There is so much surrounding the New York Islanders this week — the Barry Trotz speculation, followed by Mathew Barzal’s rookie of the year award, followed by the actual hiring of Trotz, the question of how it all impacts John Tavares under Lou Lamoriello’s new direction — but some huge decisions loom at the NHL draft this weekend.
Chief among them are whether the Islanders hold on to their first two picks, at 11 and 12 overall. Lamoriello is reportedly looking to do anything needed to improve the team — you know, what Garth Snow and every still employed GM in the league would say — but whether either or both of those picks can fetch a significant player for next season’s roster is an open question. Still, having two picks back-to-back offers flexibility to both select a player they want there and trade the other one for...something.
There appears to be a lot of depth in the first round of the draft, so unless someone coveted in the top eight starts falling it’s hard to see a team wanting to make major moves to grab one of the Isles’ top two picks. Maybe a team that lacks a pick in the top 20 and is looking to rebalance its cap and assets would offer a real player though. And maybe the Isles, while wanting to compete now, will also see value in trading down to stockpile more selections.
As for helping the NHL roster, the Islanders pretty desperately need a new NHL goalie, and it’s feasible to fetch one of those with one of their picks, but otherwise the chance to add two future NHLers by keeping those two picks is enticing. Outside of a proven goalie, I’d rather keep them and supplement the 2018-19 roster through other trades and free agency.
What picks do the Islanders have?
Going into the draft, the Isles picks line up like this:
- 1st round: 11, 12 (via Flames in Travis Hamonic trade)
- 2nd round: 41, 43 (via Flames in Travis Hamonic trade)
- 3rd round: 72
- 4th round: 103
- 5th round: 134
- 6th round: 196
Will the Islanders trade a pick?
See above. In the SB Nation NHL mock draft, we made the case for dealing one of those picks for Philipp Grubauer, the Washington Capitals goalie who looks number-one worthy but is blocked by Braden Holtby and looking for a starting gig. Facing cap decisions and with a good prospect waiting in the wings, the Capitals said they would try to oblige the restricted free agent.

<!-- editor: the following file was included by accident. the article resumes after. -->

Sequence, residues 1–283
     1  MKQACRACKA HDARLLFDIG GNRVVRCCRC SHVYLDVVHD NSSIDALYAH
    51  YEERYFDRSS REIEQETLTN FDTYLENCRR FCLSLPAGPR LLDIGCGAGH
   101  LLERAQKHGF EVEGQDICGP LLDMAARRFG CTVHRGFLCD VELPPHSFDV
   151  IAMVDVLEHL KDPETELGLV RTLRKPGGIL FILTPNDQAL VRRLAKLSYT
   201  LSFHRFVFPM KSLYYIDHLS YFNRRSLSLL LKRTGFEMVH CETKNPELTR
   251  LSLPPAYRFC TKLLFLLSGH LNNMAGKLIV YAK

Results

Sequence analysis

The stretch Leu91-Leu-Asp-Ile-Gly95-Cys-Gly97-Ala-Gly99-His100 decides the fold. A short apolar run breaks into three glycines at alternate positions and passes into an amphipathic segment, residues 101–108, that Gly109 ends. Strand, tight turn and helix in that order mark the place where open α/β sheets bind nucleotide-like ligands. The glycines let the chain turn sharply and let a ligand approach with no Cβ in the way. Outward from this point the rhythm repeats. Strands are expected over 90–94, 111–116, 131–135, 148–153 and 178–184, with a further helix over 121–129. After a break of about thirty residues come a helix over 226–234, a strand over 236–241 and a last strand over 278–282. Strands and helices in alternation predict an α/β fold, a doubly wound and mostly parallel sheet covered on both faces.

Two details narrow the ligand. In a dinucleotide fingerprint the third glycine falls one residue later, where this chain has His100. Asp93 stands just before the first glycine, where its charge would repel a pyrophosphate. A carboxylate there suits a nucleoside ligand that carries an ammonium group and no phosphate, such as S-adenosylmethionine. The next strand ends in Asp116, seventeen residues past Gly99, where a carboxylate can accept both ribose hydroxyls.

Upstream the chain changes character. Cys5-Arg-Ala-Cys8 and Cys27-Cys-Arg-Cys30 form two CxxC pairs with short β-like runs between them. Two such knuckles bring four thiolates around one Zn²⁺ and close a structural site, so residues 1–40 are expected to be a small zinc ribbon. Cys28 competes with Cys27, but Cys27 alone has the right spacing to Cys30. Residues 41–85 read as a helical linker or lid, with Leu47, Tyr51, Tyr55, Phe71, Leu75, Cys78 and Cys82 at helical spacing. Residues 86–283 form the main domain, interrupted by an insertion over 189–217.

We delved into the rationale a bit in that post, but suffice to say Lamoriello has done this before, dealing the 9th overall pick for Corey Schneider to provide the Devils an heir to Martin Brodeur. That one worked out well. But Grubauer doesn’t have quite Schneider’s track record. So it’s a gamble.
Who has been picked at 11 and 12 in recent years?
To frame expectations if the Isles keep their picks — and to give you an indication of what these picks are worth — it might be helpful to look at who’s been selected in this spot in the recent past.
We’ll ignore the last two years since those players are still in the pipeline, but that in itself is a good reminder that whoever is selected at 11 or 12 is highly unlikely to be on an NHL roster as a regular over the next two or even three seasons.
- 2015: Lawson Crouse (11, Florida, 83 NHL games so far); Denis Gurianov (12, Dallas, 1 GP) [Note: three hilarious Boston picks later, the Islanders got some Mathew Barzal kid]
- 2014: Kevin Fiala (11, Nashville, 140 GP); Brendan Perlini (12, Arizona, 131 GP)
- 2013: Samuel Morin (11, Philadelphia, 3 GP); Max Domi (12, Arizona, 222 GP)
- 2012: Filip Forsberg (11, Washington, 331 GP); Mikhail Grigorenko (12, Buffalo, 217)
- 2011: Duncan Siemens (11, Colorado, 20 GP); Ryan Murphy (12, Carolina, 172 GP)
So obviously it’s expected to get an eventual NHL regular in these spots, one who should be eventually at least in the middle of the lineup. And it’s not impossible to get a star (Forsberg...heck, let’s even note Barzal). But everything has to work out right. And it will still take a few years.
Who are the Islanders likely to pick in the first round?